This movie just came out in theaters last week and was a “surprise” hit. It managed to dethrone Aquaman as #1 at the domestic box office. Critics were never on board with the film, and its current 40% rating on Rotten Tomatoes is even less than the 47% CinemaBlend had predicted. But it got an A CinemaScore and a very high 87% Audience Score (so far). However, it only has a 5.5 rating on IMDb, and that’s from 4,810 users — which is more users than RT. This isn’t a major superhero movie so not that many users are weighing in. Sometimes people rate movies based on other factors, without even proving that they watched the movie, but CinemaScore surveys moviegoers, and they loved Bryan Cranston and Kevin Hart’s film.

Fantastic Beasts: The Crimes of Grindelwald

Rotten Tomatoes Critics Score: 38% Fresh (vs. 74% for the first movie)
Rotten Tomatoes Audience Score: 60% (average 3.5/5) (vs 79% and 3.9)
CinemaScore: B+ (vs A for first film)
IMDb Rating: 6.8 (vs 7.3)

The second Fantastic Beasts movie is an interesting case in that it’s technically a success for Warner Bros. — one of their top-grossing movies of 2018 — but it was a disappointment overall compared to the first film in the franchise. Critics and moviegoers were actually pretty closely aligned when it came to Fantastic Beasts and Where to Find Them. Critics gave it 74% and fans 79%, and it did very well at the box office. The second movie was liked a lot less by both groups, but the critics went way low while the fans were more measured in their ratings. Grindelwald also made a lot less money at the box office, more than $100M less worldwide. Not a good trend for a franchise planning five films.

Hunter Killer

Rotten Tomatoes Critics Score: 37% Fresh (4.7/10)
Rotten Tomatoes Audience Score: 79% (3.9/5)
CinemaScore: A-
IMDb Rating: 6.7

Critics didn’t find anything fresh about Gerard Butler’s submarine thriller, but their 37% was somehow even more than CinemaBlend’s own prediction of 30%. But fans weren’t looking for anything but a good time, and they seemed to find one. They liked Hunter Killer more than just fine with a 79% Audience Score and an A- CinemaScore.

Life Itself

Rotten Tomatoes Critics Score: 13% Fresh (3.6/10)
Rotten Tomatoes Audience Score: 78% (4.1/5)
CinemaScore: B+
IMDb Rating: 6.4

Polarizing! That’s a good word for this drama written and directed by This Is Us creator Dan Fogelman. Critics hated the life out of Life Itself, giving it a wince-worthy 13% rating. Fans went in the opposite direction with a 78% rating. IMDb found middle ground with 6.4, but the CinemaScore moviegoers were also pretty positive with a B+. Fogelman had reacted to the critical bashing by saying he just had a “wildly different creative palette than the cynical film critic” and he hoped the film would be warmly received by moviegoers. As much as the fans who did watch the movie seemed to, on average, like it a lot, there weren’t that many of them. Worldwide, the movie only made $7.3 million, per Box Office Mojo.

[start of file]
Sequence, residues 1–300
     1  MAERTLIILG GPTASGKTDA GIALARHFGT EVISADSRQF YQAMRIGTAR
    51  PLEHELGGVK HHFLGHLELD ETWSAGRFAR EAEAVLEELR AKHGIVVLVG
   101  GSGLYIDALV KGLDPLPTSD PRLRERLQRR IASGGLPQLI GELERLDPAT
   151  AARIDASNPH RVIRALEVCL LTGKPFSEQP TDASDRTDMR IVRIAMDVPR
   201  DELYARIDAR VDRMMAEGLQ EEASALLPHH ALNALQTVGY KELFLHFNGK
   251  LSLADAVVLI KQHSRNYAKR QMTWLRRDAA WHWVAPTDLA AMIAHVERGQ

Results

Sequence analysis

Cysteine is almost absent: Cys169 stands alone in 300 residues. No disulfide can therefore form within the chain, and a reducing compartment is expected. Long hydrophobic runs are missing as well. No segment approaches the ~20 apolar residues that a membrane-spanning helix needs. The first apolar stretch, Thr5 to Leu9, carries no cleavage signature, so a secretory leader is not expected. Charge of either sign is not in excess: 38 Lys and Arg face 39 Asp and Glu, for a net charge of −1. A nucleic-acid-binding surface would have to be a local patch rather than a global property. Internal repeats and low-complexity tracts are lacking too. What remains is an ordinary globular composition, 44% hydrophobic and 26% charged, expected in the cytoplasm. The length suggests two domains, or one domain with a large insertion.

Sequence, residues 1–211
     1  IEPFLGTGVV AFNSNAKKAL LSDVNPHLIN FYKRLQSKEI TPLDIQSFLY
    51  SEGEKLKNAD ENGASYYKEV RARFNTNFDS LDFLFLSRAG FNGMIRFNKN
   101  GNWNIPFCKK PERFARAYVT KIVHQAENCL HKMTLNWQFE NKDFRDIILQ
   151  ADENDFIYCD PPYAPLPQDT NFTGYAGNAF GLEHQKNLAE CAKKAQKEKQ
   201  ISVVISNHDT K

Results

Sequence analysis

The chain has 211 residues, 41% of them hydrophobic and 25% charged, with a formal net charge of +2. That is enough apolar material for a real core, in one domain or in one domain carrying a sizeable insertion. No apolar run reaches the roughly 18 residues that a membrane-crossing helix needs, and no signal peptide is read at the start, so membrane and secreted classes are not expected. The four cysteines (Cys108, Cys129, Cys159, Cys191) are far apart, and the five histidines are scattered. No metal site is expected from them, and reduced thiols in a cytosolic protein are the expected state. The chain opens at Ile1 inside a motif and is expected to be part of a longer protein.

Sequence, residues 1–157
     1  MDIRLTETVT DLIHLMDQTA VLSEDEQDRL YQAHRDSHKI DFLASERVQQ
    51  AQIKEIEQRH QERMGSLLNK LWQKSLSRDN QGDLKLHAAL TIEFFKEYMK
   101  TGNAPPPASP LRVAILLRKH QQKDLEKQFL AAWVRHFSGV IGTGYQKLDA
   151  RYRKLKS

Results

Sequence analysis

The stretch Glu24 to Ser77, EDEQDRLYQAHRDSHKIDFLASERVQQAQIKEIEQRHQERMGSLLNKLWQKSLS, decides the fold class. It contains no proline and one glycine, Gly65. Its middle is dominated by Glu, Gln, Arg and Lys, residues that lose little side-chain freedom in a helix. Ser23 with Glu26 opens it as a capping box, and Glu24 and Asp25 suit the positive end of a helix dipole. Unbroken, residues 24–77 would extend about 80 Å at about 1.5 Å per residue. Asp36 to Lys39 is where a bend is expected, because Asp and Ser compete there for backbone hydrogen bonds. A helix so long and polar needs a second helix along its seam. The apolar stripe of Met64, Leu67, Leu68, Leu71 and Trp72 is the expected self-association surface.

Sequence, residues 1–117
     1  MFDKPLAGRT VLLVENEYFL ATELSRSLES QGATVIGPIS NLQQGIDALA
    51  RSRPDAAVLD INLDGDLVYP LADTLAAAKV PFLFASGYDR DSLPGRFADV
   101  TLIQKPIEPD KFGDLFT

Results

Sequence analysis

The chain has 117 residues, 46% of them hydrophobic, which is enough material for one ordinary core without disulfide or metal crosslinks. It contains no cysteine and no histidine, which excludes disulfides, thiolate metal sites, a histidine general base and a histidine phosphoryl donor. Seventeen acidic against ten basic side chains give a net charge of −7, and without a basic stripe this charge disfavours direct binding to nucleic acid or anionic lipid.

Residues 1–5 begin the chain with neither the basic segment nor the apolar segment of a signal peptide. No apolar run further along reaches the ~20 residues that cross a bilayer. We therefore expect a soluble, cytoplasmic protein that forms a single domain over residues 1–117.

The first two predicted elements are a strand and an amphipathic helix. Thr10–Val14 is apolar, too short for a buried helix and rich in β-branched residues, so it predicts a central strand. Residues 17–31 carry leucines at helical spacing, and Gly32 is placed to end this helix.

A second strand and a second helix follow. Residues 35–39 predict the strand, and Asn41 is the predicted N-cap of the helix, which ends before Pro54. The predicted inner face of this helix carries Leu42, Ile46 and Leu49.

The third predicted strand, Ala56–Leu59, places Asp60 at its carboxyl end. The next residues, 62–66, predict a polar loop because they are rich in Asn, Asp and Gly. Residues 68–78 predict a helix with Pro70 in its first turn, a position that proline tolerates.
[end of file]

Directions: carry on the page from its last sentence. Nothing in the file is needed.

Death Wish (2018)

Rotten Tomatoes Critics Score: 17% Fresh (3.9/10)
Rotten Tomatoes Audience Score: 74% (3.9/5)
CinemaScore: B+
IMDb Rating: 6.4

Never bet against Bruce Willis! Seriously, though, he has two recent movies on this list — Glass and this remake of the 1974 film Death Wish. Fans don’t always embrace remakes, especially when they share the name of the original film, but they loved this one. Critics trashed the film at 17% — way less than CinemaBlend predicted with 31% — but fans flipped that to 74% with a B+ CinemaScore. They got what they came for, and that’s all you can hope for as a film fan.


Rotten Tomatoes Critics Score: 12% Fresh (3.4/10)
Rotten Tomatoes Audience Score: 74% (3.9/5)
CinemaScore: B+
IMDb Rating: 6.5

Critics were very sour on Peppermint, with just 12% fresh, but fans embraced Jennifer Garner’s vigilante film with 74% and a B+ rating. IMDb users averaged it out again. It’s a critic’s job to critique a movie — it goes with the title — so it does make sense when critics are more harsh with movies that they feel have weak scripts or wasted potential. But it’s clear audiences either disagree on those metrics or set different standards, so it’s always interesting to see how things play out.


Rotten Tomatoes Critics Score: 51% Fresh (5.3/10)
Rotten Tomatoes Audience Score: 75% (4/5)
CinemaScore: A-
IMDb Rating: 6.1

This one was closer than many of the others when it comes to Rotten Tomatoes. I’m interested in the disparity between the A- CinemaScore and IMDb’s 6.1 rating. The Upside had a similar set-up, except for an even higher CinemaScore and lower IMDb rating. In this case, though, the Rampage IMDb rating is from 101,985 users, which is waaaaaay more than The Upside. Critics were middle-of-the-road meh on Dwayne Johnson’s movie, and RT users liked it more but not by a huge amount. In terms of the box office, Rampage “only” made $101 million at the domestic box office, off a reported $120 million production budget. But it made up that money overseas, picking up $327 million internationally for a total of $428M.